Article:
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Civil engineering 101 – How to Build A Strong Sandcastle

Updated: Dec 14, 2021

One of the favorite activities that kids like to do in the summer is to play at a beach and build sandcastles. I remember digging up sand and building various shapes of sandcastles and structures when I was on vacation with my family.

Believe it or not, we can teach structure design in civil engineering while kids are having fun playing with sand. On July 25th, 2021, HandsOnSTEM showed kids how to build amazingly strong sandcastle. You may be impressed by just looking at the picture above.

The first step involved creating the modified sandcastles, the kids put layers of carbon fiber mesh horizontally as they added sand to the container. After carefully packing the sand down and flipping them over, we tested their strength by adding bricks on top. On average, the modified sand castles held five bricks and our record of ten bricks was achieved by having 5 layers of carbon fiber mesh. Afterwards we wanted to create a control with no mesh to compare our results and it couldn’t even hold up one brick.

This remarkable increase in the strength of the structure is due to the nature of sand. A pile of sand is only held up by the force of friction in between particles. Each sand particle has infinitely many slip planes, or direction in which it can slide when force is added. Normally, sand will collapse when the force added to the structure is greater than the forces of friction holding the sand particles together along a diagonal slip plane. However, the reinforced sand has reduced and shortened slip planes. The carbon fiber mesh interrupts slip planes and makes the sand more resistant to top loading, allowing it to hold significantly more weight.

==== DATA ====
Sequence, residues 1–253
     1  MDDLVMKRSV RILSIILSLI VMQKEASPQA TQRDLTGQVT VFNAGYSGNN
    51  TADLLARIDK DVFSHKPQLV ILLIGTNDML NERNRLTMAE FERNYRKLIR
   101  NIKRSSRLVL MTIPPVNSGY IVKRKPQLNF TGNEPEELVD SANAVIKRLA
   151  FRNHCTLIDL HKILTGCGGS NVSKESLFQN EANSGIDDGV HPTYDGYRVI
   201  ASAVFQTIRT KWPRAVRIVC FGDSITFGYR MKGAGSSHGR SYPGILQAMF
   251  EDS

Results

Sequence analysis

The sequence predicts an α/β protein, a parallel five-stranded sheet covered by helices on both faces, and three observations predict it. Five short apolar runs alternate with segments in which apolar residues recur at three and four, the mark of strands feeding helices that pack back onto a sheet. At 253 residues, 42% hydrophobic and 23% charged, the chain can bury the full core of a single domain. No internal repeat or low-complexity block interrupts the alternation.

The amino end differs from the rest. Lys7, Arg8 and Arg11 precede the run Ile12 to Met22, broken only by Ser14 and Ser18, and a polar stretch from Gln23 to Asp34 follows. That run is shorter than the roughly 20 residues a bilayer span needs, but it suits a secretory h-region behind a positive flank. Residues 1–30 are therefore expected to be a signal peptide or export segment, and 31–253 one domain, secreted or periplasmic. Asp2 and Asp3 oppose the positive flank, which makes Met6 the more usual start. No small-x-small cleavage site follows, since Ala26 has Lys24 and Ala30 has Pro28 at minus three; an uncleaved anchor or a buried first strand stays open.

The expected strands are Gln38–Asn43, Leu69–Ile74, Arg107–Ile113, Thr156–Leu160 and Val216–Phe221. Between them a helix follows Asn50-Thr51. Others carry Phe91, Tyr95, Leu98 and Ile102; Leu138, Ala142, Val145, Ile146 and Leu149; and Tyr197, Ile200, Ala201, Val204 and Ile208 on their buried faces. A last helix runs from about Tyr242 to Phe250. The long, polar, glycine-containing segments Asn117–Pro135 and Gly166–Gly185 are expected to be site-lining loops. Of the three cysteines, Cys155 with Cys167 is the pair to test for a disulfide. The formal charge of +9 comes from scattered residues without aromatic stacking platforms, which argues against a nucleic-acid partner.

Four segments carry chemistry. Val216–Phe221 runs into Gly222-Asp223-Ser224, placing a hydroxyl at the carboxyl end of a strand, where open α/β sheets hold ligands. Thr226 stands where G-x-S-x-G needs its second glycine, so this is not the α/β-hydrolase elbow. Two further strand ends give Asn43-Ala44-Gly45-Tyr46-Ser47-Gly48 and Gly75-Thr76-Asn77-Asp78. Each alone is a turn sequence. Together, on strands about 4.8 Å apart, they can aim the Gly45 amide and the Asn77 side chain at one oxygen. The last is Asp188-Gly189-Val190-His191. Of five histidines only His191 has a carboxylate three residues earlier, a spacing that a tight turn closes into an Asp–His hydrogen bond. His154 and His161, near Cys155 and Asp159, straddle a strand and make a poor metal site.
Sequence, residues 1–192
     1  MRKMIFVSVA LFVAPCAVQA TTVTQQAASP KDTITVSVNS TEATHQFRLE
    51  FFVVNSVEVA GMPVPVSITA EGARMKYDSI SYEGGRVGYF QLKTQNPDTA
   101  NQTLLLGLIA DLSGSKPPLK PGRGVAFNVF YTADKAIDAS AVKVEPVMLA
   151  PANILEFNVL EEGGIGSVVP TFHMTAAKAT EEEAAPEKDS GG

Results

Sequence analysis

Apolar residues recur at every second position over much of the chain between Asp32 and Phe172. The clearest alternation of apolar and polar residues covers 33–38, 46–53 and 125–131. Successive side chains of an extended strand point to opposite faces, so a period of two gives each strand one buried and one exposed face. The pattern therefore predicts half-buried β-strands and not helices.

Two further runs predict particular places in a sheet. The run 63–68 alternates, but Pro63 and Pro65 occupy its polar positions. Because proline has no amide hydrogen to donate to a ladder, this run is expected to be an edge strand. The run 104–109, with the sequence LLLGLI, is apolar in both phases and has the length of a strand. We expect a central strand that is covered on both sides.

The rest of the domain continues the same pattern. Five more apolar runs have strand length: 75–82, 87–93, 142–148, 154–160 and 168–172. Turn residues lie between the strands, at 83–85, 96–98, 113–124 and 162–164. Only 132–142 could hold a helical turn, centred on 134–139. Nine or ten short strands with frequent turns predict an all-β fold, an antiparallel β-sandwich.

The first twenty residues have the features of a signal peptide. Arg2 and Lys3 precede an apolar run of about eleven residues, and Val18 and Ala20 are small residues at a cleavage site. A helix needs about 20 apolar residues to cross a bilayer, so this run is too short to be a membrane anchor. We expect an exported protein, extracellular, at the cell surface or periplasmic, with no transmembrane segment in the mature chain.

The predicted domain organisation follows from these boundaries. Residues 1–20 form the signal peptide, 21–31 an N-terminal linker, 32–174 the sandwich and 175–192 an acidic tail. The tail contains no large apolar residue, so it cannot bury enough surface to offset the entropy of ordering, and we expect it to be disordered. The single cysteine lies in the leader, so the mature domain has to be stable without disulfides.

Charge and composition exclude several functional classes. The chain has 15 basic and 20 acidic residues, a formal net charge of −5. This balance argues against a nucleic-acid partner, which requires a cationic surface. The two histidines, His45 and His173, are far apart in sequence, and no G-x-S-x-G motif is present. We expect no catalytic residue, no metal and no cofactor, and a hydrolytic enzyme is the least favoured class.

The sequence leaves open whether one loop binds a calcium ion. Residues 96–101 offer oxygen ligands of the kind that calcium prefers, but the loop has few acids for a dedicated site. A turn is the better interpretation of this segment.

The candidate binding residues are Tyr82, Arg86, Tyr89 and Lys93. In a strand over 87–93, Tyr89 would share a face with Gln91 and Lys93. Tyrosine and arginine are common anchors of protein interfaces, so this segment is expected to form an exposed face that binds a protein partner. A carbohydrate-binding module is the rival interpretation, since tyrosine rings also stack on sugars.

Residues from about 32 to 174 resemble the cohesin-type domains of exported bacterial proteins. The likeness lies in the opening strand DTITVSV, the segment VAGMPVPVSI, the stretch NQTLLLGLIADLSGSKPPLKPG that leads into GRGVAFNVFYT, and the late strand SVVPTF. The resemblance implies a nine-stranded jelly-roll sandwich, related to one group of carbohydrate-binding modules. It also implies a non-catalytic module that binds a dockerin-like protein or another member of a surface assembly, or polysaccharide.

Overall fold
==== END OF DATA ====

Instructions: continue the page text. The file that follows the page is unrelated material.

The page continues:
This property of stabilized sand and earth make it an attractive low-cost building material. For example, elevated approach ramps for highways are often created out of Mechanically Stabilized Earth (MSE), where layers of mats are interspersed into the section of earth holding up the ramp. The tessellated retaining walls are common indicators of the use of this technique.


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